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Durham Housing Authority moves to mixed-income housing model; experts say children will benefit most

EJP Consulting Group partners with housing authorities to build communities of opportunity that equip residents with services and tools for increased success. EJP provides technical assistance support to DHA for the implementation of the Liberty Street apartments development as well as master planning services for McDougald Terrace apartments in Durham.

DURHAM, N.C. (WTVD) -- All Crystal Love McCrea wants for her two daughters is the best. She's lived in McDougald Terrace for four years and could be there long enough to see the proposed redevelopment plans move forward, which would move her and the girls into a mixed-income housing community.

"It can't stay like this forever. They are my hearts," said McCrae. "Let's elevate our children and put them on a different platform."

On Friday morning, the Durham Housing Authority and Bull City leaders gathered to break ground on the Elizabeth Street Apartments, which will be a 72-unit mixed income housing community. DHA told ABC11 that this is the model it is moving to. They said they believe it will change the face of public housing.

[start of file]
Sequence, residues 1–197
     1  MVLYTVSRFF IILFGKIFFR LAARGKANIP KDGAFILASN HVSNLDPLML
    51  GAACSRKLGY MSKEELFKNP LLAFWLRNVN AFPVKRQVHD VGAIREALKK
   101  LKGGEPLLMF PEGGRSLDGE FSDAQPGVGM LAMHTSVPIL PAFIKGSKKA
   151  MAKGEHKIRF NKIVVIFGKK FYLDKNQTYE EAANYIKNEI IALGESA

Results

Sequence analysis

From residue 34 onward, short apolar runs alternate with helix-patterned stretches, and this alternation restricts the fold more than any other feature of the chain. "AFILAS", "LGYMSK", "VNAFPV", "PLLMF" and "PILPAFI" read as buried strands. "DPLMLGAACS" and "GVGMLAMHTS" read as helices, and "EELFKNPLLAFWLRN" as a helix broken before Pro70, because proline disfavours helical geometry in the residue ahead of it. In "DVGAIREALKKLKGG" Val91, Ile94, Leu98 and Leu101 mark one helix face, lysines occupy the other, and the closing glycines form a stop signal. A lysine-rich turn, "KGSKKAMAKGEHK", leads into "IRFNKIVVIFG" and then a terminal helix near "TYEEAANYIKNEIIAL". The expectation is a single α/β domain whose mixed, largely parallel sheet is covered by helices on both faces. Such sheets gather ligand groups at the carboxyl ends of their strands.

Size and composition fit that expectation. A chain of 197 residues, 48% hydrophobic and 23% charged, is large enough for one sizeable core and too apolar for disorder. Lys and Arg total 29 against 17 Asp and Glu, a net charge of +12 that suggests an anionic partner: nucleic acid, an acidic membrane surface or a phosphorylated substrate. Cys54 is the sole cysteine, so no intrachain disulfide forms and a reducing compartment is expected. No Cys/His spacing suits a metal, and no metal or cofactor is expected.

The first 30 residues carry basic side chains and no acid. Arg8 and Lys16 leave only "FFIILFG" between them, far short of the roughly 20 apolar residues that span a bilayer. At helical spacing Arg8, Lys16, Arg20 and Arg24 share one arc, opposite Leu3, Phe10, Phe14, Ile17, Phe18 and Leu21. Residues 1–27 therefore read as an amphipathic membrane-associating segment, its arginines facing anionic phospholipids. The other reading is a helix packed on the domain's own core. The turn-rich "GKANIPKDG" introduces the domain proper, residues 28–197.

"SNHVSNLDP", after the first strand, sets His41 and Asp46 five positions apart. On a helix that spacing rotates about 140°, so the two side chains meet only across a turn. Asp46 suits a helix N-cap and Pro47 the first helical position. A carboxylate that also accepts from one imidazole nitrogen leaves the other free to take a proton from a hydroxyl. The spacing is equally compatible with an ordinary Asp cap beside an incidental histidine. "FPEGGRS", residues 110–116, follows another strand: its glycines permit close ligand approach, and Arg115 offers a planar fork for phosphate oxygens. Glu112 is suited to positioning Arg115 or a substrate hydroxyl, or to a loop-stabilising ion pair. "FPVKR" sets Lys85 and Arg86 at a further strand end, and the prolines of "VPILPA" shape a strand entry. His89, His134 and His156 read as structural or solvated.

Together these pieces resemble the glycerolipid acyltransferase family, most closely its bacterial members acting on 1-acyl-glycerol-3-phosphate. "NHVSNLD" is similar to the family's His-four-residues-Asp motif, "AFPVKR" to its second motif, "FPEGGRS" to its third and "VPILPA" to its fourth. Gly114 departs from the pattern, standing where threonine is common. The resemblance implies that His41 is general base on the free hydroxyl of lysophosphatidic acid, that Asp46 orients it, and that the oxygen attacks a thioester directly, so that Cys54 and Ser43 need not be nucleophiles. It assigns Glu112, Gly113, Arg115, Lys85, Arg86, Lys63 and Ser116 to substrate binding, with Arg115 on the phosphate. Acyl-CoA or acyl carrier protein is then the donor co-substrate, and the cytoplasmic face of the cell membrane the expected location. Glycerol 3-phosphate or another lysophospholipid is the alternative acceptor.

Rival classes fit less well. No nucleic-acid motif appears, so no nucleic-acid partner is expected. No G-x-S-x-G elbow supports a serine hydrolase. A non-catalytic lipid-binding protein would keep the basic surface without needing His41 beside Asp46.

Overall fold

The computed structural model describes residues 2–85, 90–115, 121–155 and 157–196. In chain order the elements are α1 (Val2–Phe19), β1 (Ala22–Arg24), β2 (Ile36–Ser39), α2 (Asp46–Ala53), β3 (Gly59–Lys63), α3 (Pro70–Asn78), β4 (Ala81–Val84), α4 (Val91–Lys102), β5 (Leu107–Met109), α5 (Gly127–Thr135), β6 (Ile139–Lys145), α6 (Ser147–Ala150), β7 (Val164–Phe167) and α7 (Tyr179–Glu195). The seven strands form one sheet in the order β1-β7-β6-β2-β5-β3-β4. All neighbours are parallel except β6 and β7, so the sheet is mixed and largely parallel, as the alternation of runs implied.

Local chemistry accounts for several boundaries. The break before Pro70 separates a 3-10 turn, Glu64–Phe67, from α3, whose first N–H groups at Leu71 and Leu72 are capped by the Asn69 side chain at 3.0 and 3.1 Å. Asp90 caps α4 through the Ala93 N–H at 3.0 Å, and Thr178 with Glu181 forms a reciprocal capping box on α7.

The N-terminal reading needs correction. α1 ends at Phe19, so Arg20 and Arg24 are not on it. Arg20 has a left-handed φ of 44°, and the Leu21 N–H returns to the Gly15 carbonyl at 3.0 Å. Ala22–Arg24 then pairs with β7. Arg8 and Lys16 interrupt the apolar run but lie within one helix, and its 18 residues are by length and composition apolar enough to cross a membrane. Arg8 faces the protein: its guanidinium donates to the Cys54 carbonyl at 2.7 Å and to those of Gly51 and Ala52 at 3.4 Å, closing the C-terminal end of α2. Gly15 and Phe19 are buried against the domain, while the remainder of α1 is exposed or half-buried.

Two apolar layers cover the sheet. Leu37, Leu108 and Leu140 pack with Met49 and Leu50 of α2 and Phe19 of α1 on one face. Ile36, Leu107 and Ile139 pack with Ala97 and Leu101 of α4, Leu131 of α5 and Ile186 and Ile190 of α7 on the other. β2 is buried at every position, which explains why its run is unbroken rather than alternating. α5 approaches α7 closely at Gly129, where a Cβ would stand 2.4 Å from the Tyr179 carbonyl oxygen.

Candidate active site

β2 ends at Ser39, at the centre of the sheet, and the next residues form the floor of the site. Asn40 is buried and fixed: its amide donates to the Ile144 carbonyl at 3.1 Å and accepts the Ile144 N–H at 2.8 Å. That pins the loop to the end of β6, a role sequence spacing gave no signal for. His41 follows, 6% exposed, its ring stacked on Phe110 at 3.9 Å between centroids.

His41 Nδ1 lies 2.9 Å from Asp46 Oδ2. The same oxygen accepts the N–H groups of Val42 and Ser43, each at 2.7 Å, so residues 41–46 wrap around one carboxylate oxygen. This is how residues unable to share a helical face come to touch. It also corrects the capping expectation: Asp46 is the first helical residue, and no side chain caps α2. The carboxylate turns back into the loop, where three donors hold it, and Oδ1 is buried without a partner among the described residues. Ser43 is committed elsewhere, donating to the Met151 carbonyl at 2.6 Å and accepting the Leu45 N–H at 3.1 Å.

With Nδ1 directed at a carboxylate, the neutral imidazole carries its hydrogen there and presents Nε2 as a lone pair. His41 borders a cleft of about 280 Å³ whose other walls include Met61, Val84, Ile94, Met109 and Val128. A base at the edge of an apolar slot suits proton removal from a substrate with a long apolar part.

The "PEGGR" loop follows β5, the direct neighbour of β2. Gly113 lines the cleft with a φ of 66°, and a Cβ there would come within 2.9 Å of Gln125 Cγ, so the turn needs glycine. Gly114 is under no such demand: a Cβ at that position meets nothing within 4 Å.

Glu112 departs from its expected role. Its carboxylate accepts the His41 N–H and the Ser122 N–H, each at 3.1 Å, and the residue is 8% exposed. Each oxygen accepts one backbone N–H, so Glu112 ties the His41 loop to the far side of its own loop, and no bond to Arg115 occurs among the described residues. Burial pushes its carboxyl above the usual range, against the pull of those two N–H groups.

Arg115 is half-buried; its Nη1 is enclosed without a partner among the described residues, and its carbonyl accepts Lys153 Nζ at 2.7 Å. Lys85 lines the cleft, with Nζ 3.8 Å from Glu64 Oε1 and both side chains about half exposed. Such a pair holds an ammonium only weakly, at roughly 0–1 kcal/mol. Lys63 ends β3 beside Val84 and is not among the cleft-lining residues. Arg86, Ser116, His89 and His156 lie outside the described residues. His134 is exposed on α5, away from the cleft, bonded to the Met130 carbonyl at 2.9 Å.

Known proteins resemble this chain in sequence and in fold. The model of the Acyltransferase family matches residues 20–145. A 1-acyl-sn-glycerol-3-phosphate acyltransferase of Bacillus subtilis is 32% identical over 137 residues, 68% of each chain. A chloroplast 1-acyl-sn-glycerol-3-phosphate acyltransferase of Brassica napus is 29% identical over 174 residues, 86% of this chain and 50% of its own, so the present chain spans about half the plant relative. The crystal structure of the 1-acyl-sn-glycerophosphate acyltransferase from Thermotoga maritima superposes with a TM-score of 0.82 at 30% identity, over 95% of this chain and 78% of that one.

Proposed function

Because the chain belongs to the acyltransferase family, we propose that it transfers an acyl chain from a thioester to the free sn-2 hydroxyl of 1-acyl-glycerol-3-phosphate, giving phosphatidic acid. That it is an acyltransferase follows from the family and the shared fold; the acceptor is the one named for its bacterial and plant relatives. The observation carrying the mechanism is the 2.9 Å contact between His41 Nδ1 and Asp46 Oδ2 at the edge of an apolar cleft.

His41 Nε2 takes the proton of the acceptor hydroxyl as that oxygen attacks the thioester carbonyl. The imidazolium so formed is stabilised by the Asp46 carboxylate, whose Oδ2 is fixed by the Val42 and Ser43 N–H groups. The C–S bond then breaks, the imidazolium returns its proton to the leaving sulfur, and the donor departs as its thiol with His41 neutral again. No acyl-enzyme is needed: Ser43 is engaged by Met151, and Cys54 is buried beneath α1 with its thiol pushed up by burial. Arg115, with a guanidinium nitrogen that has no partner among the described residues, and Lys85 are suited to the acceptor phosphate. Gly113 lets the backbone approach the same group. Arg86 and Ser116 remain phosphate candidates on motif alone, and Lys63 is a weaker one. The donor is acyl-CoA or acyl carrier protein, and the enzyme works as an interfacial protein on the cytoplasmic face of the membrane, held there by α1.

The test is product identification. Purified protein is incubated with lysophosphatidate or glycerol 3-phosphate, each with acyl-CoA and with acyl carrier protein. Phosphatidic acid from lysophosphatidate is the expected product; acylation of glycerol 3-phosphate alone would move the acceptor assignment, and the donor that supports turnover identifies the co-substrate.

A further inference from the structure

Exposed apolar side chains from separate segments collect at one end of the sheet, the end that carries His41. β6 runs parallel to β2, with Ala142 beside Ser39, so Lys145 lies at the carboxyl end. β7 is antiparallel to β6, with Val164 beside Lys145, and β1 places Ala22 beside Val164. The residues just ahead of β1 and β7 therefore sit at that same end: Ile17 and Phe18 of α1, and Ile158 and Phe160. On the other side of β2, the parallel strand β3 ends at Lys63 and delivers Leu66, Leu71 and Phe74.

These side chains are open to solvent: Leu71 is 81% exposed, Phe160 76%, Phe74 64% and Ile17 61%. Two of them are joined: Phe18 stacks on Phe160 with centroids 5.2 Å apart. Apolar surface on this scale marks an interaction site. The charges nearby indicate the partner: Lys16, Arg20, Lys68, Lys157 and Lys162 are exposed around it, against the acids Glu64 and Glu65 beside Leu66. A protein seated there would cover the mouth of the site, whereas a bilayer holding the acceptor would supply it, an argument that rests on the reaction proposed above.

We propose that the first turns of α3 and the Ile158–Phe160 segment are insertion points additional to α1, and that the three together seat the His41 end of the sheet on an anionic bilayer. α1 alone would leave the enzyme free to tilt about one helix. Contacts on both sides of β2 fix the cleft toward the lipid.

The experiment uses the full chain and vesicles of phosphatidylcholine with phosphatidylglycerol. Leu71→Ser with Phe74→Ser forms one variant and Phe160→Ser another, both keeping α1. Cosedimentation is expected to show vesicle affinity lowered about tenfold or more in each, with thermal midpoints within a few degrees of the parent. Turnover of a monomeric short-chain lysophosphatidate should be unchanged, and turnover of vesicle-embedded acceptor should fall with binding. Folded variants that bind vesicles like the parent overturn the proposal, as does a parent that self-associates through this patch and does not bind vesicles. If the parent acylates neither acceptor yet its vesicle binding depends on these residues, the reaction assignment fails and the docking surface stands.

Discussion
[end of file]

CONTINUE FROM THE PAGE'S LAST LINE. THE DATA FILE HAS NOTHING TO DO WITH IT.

"That's really what we're focused on, building communities," said Anthony Scott, CEO of the Durham Housing Authority. "Every single community we're building is going to be a mix of affordable and market rate in a way that allows us to have less reliance on the unreliable HUD dollars we've collected these days."

Experts said they believe there is one particular group who could benefit the most.

"The greatest beneficiary of mixed-income community are children," said Roberto Quercia, UNC Chapel Hill professor of City and Regional Planning. "The idea is the opportunities for these families to succeed will be increased by living in mixed-income communities as opposed to just living in low-income neighborhoods."

According to Quercia, children growing up in mixed-income communities have access to better schools, neighbors of diverse backgrounds and sometimes better socioeconomic status.

McCrae couldn't agree more, but she says people have to want better for themselves.

"It will be successful, but it's up to the individual to make their success," she said. " My children will not be a statistic. Not by far."

By Akilah Davis


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